Because they're fundamental operations.
By the same line of thought, you could argue that addition has few real-world uses, since it can be replaced completely with subtraction (and negation) and multiplication. But we keep addition because it's a fundamental operation.
And don't think for a moment that just because you haven't seen much need for bitwise operations doesn't mean they're not used very often. Indeed, I've used bitwise ops in nearly every language I've used for things like bit masking.
Off the top of my head, I've used bitwise ops for image processing, bitfields and flags, text processing (e.g., all characters of a particular class often share a common bit pattern), encoding and decoding serialized data, decoding VM or CPU opcodes, and so on. Without bitwise ops, most of these tasks would require many times more complex operations to perform the task less reliably or with poorer readability.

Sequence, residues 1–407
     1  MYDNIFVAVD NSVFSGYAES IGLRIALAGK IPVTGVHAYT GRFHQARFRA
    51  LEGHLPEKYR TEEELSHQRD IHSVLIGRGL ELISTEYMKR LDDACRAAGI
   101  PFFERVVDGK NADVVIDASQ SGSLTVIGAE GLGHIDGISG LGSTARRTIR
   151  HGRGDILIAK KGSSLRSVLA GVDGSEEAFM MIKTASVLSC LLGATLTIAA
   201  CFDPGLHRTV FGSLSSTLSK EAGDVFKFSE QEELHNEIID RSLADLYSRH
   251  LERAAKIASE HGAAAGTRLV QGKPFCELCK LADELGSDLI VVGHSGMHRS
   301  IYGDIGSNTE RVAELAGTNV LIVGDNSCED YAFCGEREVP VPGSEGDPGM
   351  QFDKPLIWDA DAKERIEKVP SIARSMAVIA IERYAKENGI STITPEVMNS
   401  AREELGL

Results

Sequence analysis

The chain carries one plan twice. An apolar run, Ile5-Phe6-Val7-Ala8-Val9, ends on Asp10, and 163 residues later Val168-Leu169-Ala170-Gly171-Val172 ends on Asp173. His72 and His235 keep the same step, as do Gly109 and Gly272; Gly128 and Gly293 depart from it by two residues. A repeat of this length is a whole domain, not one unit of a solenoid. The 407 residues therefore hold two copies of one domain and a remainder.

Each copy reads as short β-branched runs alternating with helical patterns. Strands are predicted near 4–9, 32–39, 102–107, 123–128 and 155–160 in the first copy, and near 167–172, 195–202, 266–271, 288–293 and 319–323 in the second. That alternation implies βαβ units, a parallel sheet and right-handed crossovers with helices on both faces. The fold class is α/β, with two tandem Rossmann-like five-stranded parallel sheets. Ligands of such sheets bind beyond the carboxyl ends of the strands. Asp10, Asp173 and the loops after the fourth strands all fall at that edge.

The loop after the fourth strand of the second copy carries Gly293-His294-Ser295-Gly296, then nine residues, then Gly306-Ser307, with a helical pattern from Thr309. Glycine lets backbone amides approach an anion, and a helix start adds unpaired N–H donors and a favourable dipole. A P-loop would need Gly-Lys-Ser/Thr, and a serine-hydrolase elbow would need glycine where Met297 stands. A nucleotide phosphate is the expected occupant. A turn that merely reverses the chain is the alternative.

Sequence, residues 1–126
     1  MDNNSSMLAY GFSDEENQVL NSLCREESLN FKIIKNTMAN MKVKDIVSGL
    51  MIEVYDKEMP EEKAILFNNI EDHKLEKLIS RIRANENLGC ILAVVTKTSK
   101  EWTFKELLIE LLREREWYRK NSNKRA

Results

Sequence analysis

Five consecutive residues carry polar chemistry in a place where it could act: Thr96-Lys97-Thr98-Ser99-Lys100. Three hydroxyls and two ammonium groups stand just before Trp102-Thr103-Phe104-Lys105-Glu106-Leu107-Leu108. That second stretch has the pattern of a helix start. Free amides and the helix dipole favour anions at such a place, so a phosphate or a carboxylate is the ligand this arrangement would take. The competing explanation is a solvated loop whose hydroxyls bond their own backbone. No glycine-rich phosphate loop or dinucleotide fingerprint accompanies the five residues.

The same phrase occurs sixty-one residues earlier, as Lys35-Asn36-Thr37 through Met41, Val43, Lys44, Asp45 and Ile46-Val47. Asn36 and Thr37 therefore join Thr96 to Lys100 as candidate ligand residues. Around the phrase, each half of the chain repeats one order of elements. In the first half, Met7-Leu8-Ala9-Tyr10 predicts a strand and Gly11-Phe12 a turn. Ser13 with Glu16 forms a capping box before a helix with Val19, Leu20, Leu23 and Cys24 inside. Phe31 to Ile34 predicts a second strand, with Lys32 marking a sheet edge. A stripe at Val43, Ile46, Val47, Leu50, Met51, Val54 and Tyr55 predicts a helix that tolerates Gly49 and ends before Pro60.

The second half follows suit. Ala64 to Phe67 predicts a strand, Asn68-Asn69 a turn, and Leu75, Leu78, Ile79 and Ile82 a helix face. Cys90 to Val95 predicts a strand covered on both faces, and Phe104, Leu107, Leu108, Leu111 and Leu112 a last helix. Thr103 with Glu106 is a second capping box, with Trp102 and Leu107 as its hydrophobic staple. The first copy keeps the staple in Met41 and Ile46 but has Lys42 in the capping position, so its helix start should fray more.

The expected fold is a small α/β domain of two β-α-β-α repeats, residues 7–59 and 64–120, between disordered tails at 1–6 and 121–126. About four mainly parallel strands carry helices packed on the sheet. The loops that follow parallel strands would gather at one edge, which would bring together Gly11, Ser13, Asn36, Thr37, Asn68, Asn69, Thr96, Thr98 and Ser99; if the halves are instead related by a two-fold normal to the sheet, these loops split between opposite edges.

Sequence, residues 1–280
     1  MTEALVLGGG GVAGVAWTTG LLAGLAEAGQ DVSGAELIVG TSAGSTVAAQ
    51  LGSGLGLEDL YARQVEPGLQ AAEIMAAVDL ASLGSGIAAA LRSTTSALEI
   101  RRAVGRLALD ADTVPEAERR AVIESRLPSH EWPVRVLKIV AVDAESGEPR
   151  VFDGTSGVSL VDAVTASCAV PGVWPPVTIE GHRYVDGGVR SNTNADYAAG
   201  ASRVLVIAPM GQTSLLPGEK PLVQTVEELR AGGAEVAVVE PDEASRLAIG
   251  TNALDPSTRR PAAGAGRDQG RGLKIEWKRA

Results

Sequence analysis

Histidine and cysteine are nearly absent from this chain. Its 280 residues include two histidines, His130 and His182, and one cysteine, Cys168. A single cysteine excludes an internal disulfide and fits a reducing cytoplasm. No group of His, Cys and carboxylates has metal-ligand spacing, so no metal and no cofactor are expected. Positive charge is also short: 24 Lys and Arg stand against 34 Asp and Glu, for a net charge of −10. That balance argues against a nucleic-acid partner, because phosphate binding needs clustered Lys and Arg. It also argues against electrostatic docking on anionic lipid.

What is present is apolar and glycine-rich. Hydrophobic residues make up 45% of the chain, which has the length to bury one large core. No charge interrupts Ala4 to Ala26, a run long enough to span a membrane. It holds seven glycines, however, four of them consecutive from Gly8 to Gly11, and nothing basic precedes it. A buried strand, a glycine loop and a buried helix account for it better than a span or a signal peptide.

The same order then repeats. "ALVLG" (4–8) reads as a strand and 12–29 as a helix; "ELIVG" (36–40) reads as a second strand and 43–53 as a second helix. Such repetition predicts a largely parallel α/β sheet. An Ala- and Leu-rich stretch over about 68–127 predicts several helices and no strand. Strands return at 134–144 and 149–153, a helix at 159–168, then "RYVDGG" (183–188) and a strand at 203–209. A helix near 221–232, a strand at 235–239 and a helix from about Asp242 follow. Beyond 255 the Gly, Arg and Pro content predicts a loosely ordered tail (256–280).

// Given a 30-bit RGB color value as a 32-bit int
// A lot of image sensors spit out 10- or 12-bit data
// and some LVDS panels have a 10- or 12-bit format
b = (color & 0x000003ff);
g = (color & 0x000ffc00) >> 10;
r = (color & 0x3ff00000) >> 20;
// Going the other way:
color = ((r << 20) & 0x3ff00000) | ((g << 10) & 0x000ffc00) | (b & 0x000003ff);
Decoding CPU instructions for RISC-type CPUs (such as when emulating another platform) requires extracting portions of a large value as above. Sometimes, doing these operations with multiplication and division and modulo, etc., can be as much as ten times slower as the equivalent bitwise ops.